I'm conservative fiscally and socially. Would probably vote Republican if I was American. But wholeheartedly think healthcare is worth the public cost. Good thing I live on this side of the border - I like it here :)
I'm way way late to this one. But I can't see why anyone would be up in arms (figuratively) about making companies post the nutritional information for the food they are selling. That seems like a smart, sensible law to me. This seems like a great use of government power, too. I don't see any negatives to it whatsoever. I think we need more food regulations than we have. Right now in the U.S. you can call things "natural", or "organic", but there's no one regulating it so it doesn't actually mean anything. You can say eggs are from cage-free chickens, but that can mean the chickens were let out for an hour a day. We need more regulations in this area, not fewer. In Canada (my Canadian family tells me) it's strictly regulated. You can not claim something is organic if it isn't.
Calif. Initiative Will Test Appetite for GMO Food
I am unfamiliar with this particular initiative (beyond what the above article covered), but I do have a growing concern over how many toxins we are (in most cases unknowingly) consuming... and feeding our families. We have endless additives, bovine growth hormones in our meat / dairy products, and more. The genetically modified organisms (GMO) within our crops to help them remain more pest-free than their natural counterparts seems to be in almost everything.
While I respect the idea behind these "improvements" I will admit to a growing concern at what impact this may have on our health in the years to come. If I could, I would love to become more self-sufficient by having our own farm, raising our own food, etc. Granted, I would be lost though in doing so. LOL
Those of you in CA, where do you stand on this initiative? Do you think that the labels will be good for consumers or overwhelming to the grocers? I can see their fear of perhaps missing something and being open to more lawsuits.
I like how Maine seems to approach this topic (according to the article) -- by allowing those products that are truly GMO free to label themselves as such. It places the "burden" on the manufacturer and on the consumer to then be able to make a choice to select foods with that type of label.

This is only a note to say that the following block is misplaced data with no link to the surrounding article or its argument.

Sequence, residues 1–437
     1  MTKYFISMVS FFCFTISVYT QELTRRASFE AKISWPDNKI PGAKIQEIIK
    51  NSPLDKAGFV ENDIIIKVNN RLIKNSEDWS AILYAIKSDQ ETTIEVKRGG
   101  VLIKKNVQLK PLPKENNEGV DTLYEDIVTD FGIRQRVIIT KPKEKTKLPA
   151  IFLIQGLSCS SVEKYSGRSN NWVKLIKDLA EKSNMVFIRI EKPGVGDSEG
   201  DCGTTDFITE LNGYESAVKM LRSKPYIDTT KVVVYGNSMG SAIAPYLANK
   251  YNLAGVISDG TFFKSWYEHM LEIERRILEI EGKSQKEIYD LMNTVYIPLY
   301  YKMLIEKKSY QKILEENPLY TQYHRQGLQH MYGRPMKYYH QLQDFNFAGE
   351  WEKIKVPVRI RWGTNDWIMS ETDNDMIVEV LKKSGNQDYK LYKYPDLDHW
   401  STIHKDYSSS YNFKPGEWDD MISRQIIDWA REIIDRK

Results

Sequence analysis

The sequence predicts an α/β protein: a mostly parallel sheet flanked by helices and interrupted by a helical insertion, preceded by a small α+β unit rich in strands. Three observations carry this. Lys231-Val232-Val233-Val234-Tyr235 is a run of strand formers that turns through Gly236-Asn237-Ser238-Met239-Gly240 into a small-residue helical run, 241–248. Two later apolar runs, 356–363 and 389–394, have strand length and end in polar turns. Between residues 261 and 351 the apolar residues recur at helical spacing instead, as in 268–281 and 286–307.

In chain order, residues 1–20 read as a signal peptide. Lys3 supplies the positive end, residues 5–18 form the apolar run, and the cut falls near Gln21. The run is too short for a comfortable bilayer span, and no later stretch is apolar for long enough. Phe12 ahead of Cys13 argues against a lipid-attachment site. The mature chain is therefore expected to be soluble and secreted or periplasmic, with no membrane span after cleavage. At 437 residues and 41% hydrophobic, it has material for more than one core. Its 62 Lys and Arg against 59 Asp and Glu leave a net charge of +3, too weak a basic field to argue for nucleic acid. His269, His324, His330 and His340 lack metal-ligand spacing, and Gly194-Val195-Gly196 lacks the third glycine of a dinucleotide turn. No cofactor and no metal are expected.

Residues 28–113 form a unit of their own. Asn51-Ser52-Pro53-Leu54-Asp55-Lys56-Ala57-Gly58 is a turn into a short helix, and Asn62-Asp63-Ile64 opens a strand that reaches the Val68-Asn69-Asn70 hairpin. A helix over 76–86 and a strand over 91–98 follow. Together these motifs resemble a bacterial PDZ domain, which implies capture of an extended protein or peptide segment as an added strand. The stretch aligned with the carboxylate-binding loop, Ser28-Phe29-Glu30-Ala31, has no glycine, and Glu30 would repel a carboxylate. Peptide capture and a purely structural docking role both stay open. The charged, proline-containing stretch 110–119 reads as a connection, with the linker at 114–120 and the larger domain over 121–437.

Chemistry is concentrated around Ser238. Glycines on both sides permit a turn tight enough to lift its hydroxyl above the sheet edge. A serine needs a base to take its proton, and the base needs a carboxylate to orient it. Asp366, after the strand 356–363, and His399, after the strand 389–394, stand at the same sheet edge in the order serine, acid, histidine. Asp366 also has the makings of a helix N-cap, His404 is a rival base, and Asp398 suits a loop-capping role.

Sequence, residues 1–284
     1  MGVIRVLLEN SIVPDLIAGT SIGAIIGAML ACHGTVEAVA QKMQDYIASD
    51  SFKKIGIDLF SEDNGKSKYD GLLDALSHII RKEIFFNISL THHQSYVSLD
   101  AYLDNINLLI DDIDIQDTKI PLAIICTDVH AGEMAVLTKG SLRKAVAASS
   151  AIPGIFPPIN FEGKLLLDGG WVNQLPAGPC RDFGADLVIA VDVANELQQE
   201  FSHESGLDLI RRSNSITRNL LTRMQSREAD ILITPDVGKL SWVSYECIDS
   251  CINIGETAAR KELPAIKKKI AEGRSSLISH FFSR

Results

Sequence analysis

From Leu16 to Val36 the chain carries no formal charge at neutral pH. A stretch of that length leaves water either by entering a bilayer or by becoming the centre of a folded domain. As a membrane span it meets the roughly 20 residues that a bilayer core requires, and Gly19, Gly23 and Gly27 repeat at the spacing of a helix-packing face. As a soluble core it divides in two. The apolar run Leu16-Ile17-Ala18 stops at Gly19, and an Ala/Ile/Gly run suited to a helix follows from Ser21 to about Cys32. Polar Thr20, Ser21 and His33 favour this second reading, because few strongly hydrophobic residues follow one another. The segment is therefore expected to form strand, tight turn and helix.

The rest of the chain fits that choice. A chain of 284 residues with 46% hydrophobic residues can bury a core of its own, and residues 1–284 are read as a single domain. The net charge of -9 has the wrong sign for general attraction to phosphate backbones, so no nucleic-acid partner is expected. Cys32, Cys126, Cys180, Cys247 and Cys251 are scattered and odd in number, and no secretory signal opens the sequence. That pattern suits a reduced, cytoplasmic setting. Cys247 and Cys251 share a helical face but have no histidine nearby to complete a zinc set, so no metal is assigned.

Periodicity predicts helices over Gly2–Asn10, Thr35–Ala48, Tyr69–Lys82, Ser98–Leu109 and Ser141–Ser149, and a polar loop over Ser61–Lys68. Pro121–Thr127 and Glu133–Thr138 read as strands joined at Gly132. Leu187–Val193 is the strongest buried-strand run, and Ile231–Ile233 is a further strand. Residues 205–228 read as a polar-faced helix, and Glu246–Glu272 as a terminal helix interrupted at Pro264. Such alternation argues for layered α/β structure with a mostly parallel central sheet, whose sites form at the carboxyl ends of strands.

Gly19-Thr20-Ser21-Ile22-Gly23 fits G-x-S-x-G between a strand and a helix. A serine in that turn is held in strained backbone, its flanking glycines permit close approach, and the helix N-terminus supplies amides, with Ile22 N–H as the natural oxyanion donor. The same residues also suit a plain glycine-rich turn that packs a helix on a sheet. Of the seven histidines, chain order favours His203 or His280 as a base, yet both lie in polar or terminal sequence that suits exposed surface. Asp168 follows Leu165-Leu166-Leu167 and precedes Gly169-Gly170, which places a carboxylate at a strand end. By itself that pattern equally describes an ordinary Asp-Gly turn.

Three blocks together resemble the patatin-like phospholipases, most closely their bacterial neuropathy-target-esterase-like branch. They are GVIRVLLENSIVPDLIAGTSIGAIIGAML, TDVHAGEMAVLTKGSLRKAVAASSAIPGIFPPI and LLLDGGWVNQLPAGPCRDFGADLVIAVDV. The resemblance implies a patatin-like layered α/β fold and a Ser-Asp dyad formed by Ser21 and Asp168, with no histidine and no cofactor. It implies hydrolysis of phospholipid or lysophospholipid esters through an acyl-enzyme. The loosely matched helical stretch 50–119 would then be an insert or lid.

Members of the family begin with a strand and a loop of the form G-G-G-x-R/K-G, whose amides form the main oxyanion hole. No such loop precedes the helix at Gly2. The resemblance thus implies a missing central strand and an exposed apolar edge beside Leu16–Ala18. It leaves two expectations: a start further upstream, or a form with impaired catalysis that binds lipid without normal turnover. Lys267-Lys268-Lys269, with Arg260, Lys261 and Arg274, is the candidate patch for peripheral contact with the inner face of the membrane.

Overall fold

I'm against that particular initiative. I don't think it's right to put the burden of making sure products are properly labeled on the seller. And "spot checks" will be done by the Department of Public Health? Yeah, like they don't have enough work to keep their inspectors busy already.
Genetically-modified foods aren't necessarily bad. It's not all super-sized salmon or tomatoes that stay fresh all winter, it's also corn that resists bugs and grapes that resist mildew. I think reducing the use of pesticides and other chemicals is a far more important concern from an environmental and public health standpoint. I lived in the central valley in the 1980s and there were pockets of cancer clusters where drainage from fields had contaminated the water supply. Migrant workers developed asthma from the mildewcides sprayed on grapes they pick by hand. My skin itched for days when they sprayed the fields across the street from my apartment complex; bathing didn't help, it didn't go away until that entire layer of skin flaked off. My gut reaction says all those chemicals have to be far worse than whatever they're cross-breeding into those crops.
And how far do you go with it? Something like 95% of all corn in the U.S. is genetically-modified, which means nearly all corn oil, corn starch, high-fructose corn syrup, and all the other corn products that are used in the production of all kinds of other food products is genetically-modified, which means that all those other products will have to be labeled. It's going to be meaningless when you look at all the brands of something and they all have the same GMO warning label.
I'm sorry, I should have said "the retailer" and not "the seller." That's one reason why I don't like this prop as written. How is a grocery store supposed to know if the product it receives is properly labeled or not? My corner liquor store buys stuff in bulk at Costco to resell, so which of them would be liable for a product being mislabeled? And to what degree would they be liable? This prop is unclear about what the consequences are. It adds the words "all reasonable costs incurred in investigating and prosecuting the action" in addition to reasonable attorney's fees that can be awarded upon a successful claim of wrongful labeling. This prop also says, "the person shall not be required to allege facts necessary to show... unique or special individual injury or damages" and that, "the consumer bringing the action need not establish any specific damage from, or prove any reliance on, the alleged violation." So we're setting up a system where you can sue someone for selling a product that may or may not have genetically-engineered food in it and all you have to prove is that the label didn't say it, and you could get attorney's fees and all kinds of other costs, maybe to cover the investigative trip you took to Napa that one lovely weekend? That's just a Pandora's Box of costly trouble waiting to be opened.
I actually fully support the *idea* behind this proposition, that people should know what's in their food; I just think this is a very badly written way to try to do that. A better law would be much more clear on accountability, and would put limits on the recoverable costs since the purpose of the law is supposed to be to get proper labeling; we shouldn't punish a retailer simply for putting something on its shelf.